Havenly Treats, a New Haven nonprofit that works to strengthen the economic and political power of refugee women, reopened last Tuesday. The new, long-term location at 25 Temple St., which has limited seating and boatloads of baklava, is a dream come true for the organization’s founders.
Since they began selling baklava in the spring of 2018, Havenly Treats has moved locations often, sharing kitchens with the New Haven Jewish Community Center, Whole G bakery and Katalina’s Bakery. This status often made it more difficult for the organization to fulfill its primary goal: providing refugee women with job training, education and community organizing skills. According to the founders, the new location provides the stability that the organization needs — especially during a pandemic — and allows them to consider their future goals.
“This is a stable place,” said Nieda Abbas, the head chef, trainer and co-founder of Havenly Treats. “It gives us room to breathe, room to relax, gives our spirit a break.”
The current Havenly location previously belonged to Mr. Crab’s — a seafood shack with crab-shaped American flags lining the walls. Havenly directors said the process of changing the atmosphere required substantial vision. But the staff did not undertake it alone. Instead, they got help from Emerge, a New Haven nonprofit that assists formerly incarcerated people with getting jobs in construction and provides them with personal and emotional support. Emerge staff worked collaboratively with Havenly, building the walls in the new location. Havenly also worked with MakeHaven, who put up signs and decorated the walls with vinyl stickers. Miguel Angel Mendoza, a local artist who immigrated to Connecticut from Oaxaca twenty years ago, plans to paint a mural on Havenly’s front window depicting symbols reflective of their mission.
“It really does feel like a labor of love and a team effort,” said Camila Guiza-Chavez, community outreach director at Havenly.
The Temple Street location, which is equipped with both a large kitchen and classrooms, is essential for operating Havenly’s fellowship program. The program provides fellows with paid work experience and adult education, reflecting Havenly’s mission that “no one should be forced to choose between making an income and getting an education.” While the program previously focused on employing Arabic-speaking women from the Middle East and North Africa region, it has recently expanded to include Spanish-speaking fellows. There are six women in the current cohort of the program: four from Sudan, one from Mexico and one from Guatemala. Some have lived in New Haven for 20 years, while others moved to the city just a couple of months ago. Guiza-Chavez said that the fellows have different goals for the program, ranging from getting a degree to securing a job in the food industry.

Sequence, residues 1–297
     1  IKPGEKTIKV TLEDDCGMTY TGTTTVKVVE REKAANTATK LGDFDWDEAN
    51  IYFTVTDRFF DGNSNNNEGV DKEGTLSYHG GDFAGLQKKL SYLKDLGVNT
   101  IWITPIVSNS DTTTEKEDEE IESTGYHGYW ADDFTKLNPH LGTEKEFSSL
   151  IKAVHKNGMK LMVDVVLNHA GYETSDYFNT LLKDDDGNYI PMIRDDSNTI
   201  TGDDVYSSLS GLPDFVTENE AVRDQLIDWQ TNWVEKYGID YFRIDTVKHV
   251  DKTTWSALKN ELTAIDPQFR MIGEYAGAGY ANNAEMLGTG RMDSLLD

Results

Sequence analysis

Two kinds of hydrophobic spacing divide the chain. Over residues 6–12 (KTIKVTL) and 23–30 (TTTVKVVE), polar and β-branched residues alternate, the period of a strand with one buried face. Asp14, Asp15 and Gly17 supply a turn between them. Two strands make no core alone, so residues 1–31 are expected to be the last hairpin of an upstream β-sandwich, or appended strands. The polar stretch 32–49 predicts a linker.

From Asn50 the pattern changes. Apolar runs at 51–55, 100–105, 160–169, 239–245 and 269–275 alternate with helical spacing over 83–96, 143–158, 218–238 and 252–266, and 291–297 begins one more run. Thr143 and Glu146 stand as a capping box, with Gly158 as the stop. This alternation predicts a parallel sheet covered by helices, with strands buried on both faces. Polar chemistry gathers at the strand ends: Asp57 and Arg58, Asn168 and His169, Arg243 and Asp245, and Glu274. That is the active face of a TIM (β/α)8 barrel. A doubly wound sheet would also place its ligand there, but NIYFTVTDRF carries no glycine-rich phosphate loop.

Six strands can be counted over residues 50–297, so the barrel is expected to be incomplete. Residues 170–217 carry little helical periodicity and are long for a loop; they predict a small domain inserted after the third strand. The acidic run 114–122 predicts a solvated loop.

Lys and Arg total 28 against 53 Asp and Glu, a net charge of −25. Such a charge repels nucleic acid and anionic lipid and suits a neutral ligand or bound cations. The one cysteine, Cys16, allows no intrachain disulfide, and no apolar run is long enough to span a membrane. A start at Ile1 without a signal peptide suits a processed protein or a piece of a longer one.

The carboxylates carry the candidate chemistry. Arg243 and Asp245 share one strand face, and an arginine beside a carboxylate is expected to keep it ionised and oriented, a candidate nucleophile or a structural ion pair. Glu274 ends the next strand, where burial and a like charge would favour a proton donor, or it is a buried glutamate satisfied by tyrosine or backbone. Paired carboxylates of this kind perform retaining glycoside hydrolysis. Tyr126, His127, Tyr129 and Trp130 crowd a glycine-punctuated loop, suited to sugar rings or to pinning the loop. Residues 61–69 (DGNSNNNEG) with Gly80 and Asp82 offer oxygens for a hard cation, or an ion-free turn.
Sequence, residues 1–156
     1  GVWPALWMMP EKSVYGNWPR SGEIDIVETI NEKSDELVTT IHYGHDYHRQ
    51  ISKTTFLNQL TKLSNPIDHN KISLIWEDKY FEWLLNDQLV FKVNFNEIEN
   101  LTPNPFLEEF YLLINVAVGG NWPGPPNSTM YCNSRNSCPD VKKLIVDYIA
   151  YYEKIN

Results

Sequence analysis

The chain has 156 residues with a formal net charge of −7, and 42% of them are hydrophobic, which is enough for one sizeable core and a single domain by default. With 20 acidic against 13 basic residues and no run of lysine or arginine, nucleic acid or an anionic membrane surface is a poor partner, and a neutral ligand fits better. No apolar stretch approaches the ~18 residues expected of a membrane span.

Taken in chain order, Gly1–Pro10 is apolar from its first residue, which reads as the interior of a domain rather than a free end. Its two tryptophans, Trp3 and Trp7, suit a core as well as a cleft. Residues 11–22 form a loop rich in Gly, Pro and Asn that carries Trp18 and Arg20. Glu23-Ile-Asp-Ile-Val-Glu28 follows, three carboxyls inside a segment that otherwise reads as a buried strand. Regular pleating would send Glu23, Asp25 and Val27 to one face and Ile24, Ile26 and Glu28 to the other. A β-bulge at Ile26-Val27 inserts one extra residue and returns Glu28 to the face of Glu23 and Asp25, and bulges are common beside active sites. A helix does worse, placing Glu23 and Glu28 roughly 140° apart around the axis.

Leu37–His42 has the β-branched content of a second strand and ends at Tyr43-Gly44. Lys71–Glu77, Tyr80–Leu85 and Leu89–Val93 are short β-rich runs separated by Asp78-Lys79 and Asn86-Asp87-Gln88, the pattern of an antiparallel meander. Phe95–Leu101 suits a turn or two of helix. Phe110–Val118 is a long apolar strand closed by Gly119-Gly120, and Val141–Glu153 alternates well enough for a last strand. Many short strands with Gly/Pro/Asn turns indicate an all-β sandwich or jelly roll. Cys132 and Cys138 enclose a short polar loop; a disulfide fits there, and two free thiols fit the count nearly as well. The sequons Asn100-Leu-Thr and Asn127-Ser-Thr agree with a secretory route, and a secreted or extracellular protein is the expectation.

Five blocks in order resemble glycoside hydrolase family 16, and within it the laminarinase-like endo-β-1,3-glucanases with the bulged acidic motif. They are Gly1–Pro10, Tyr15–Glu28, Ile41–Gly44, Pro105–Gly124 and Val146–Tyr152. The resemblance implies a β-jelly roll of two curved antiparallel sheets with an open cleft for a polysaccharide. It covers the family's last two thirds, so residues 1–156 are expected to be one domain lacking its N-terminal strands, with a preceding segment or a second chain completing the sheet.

During the fellowship, the women work at the restaurant 15-20 hours a week. They also attend four to six hours of workshops, which include curricula for ESL, self-advocacy and political education, all developed in-house. After the six months of training, Havenly and their community partners provide support for the fellows to secure stable employment.
While Havenly has translators for classes and provides individual support, there are no translators in the kitchen. Abbas and the fellows work together to find ways around language barriers. They communicate through English or with gestures, and they have succeeded in creating bonds that extend far beyond the restaurant.
“I don’t treat the fellows as workers or trainees,” Abbas said. “I treat them like my sisters.”
It is no surprise that those involved in Havenly view it as a family. The organization is dedicated to forging a long-term support network, and graduates of the fellowship are encouraged to become trainers for the new cohorts.